Nevada Senator David Parks Drafting Bill To Train, Prevent Police Officers From Killing Dogs

| by Jonathan Wolfe

In May, a Las Vegas police officer hit and killed a 45-pound Australian Shepherd named Freckles with his police cruiser. The officer thought Freckles was a threat to a group of children playing nearby, and apparently decided the best course of action was to kill the dog.

Freckles' owner, 27-year-old Sarah Hecht, is furious over the loss of her canine companion. Hecht maintains that Freckles was not a dangerous dog and that the officer easily could have reprimanded her in a non-violent manner.

“I have no doubt my dog would still be alive if the officer had one iota of training on dog behavior and dog psychology,” said Hecht. “There was no reason for deadly force.”

Hecht may see her wish for canine-trained police come true. In light of a recent increase in dog killings by police, Nevada State Senator David Parks (D) is introducing a bill that would require all police officers to undergo canine conflict training.

“In many instances, a dog is being territorial, not vicious,” Parks said. “It would help if police knew what category of dog they were dealing with.”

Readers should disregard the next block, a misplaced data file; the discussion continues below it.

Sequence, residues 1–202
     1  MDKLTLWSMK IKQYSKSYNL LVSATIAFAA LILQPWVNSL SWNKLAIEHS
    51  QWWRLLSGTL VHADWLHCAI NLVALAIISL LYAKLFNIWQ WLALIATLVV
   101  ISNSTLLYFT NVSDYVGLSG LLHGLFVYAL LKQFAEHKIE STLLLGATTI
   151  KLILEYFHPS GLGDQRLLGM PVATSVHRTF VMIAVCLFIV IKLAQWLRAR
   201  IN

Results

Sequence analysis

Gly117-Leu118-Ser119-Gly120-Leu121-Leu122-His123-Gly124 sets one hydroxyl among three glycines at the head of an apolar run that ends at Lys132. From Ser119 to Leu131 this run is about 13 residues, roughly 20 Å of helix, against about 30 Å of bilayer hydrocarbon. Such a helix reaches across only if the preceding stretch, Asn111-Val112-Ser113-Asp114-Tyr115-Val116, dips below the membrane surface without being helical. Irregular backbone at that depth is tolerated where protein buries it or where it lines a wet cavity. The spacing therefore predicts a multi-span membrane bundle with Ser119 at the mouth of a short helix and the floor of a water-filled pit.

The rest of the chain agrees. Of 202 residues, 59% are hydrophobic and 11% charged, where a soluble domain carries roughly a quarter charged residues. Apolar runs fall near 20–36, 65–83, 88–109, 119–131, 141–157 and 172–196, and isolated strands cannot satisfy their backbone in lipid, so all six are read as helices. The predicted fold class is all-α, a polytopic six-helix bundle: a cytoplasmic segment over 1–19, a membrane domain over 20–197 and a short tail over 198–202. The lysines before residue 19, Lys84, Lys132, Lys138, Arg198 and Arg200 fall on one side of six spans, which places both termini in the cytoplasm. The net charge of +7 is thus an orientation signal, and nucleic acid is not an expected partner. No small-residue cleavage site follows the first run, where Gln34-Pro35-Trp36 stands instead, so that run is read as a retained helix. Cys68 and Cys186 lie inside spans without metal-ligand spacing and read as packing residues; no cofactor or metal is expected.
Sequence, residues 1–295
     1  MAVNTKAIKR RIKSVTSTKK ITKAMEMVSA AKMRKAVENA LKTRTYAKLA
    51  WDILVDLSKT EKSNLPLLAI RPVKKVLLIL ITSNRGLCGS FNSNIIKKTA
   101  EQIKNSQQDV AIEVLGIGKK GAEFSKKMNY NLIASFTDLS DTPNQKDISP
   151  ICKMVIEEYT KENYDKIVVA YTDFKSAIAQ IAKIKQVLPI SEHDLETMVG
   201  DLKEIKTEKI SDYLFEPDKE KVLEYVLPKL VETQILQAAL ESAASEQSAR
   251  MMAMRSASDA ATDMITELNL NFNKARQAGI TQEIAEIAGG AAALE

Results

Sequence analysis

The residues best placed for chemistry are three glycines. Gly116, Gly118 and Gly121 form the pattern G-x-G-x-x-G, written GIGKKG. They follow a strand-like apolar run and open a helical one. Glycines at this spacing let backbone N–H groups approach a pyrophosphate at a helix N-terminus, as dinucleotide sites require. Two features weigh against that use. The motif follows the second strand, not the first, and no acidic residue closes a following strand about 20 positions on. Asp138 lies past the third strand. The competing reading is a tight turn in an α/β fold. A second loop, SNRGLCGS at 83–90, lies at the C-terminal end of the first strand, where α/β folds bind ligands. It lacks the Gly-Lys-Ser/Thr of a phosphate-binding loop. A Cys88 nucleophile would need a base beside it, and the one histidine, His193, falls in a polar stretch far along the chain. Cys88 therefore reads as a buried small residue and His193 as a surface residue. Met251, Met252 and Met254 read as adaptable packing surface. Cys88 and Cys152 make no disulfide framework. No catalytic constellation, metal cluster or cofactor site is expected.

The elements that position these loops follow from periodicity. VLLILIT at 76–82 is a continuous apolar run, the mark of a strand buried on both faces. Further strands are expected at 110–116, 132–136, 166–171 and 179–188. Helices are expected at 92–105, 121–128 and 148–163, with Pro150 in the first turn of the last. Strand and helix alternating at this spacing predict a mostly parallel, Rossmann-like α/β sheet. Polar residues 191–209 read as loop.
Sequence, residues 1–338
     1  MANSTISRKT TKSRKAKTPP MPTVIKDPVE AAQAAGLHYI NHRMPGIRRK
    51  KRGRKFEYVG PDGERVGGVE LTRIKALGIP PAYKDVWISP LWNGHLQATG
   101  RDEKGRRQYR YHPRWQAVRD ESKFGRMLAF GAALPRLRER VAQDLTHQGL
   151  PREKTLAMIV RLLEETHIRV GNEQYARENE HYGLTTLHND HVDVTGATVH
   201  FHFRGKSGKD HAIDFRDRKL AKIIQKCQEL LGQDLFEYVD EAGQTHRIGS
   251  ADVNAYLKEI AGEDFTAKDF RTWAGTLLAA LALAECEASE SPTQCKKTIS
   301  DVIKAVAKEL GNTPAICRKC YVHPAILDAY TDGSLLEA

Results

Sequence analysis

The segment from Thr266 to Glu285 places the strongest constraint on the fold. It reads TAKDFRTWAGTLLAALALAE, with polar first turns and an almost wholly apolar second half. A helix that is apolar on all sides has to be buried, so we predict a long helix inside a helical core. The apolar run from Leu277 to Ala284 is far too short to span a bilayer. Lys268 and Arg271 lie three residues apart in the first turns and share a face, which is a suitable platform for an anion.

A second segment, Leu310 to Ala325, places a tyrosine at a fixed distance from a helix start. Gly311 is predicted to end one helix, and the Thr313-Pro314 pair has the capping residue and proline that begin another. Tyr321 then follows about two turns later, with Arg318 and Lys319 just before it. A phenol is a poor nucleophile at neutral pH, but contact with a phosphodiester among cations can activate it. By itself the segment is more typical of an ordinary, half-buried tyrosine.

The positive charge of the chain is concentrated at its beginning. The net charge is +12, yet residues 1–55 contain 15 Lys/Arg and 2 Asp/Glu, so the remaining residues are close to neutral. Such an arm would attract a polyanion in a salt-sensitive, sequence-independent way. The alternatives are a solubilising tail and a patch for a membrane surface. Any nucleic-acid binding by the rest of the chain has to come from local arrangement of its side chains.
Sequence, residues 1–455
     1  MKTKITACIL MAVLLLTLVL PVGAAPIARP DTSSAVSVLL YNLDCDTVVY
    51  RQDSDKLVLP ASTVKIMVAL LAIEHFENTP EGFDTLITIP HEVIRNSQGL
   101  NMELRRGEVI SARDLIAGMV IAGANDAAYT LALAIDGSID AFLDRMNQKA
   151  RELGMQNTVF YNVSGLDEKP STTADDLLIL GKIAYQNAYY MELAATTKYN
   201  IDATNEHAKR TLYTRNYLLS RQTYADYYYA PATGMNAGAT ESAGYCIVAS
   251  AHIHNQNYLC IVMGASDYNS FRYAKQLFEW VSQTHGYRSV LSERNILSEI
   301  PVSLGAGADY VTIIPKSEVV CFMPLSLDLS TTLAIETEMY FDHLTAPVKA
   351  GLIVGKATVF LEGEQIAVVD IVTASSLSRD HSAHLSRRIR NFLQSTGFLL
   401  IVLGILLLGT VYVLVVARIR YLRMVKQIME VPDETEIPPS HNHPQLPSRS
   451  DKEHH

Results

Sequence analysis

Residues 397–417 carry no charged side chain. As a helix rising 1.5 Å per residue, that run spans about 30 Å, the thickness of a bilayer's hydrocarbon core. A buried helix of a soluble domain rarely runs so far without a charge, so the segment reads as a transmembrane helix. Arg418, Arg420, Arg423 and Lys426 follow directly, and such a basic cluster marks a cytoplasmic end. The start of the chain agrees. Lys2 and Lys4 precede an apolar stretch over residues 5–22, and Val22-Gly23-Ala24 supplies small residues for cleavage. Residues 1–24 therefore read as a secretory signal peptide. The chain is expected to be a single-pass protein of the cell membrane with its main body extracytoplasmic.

Parks points to animal control officers, letter carriers, and private package carriers as examples of professionals in other field who have learned to handle confrontations with dogs in a non-fatal manner. Parks is looking at a recent piece of Colorado legislation, titled the Dog Protection Act, as an example of what to model his own law after. Under the Dog Protection Act, police officers are required to undergo a minimum of three hours of training in understanding dogs and dog behavior.

Parks is backed by a number of Nevada animal activists in his effort to protect dogs from overly aggressive police. One of his constituents is Gina Greisen, leader of the Nevada Voters for Animals (NVA) organization. NVA estimate that 30 dogs in Nevada were needlessly killed by police officers over the last five years.

“Each of the shootings I’m aware of in Southern Nevada were preventable if police would have had training and actually used it,” Greisen said.

She added that police officers often mistakenly equate a barking dog with an aggressive dog.

“Dogs only have one voice and that is barking,” Greisen said. “When a dog is happy, it barks. When a dog is angry, it barks. When a barking dog races around the corner of his house and you are in his yard, he is doing his job.”

Sources: National Journal, Review Journal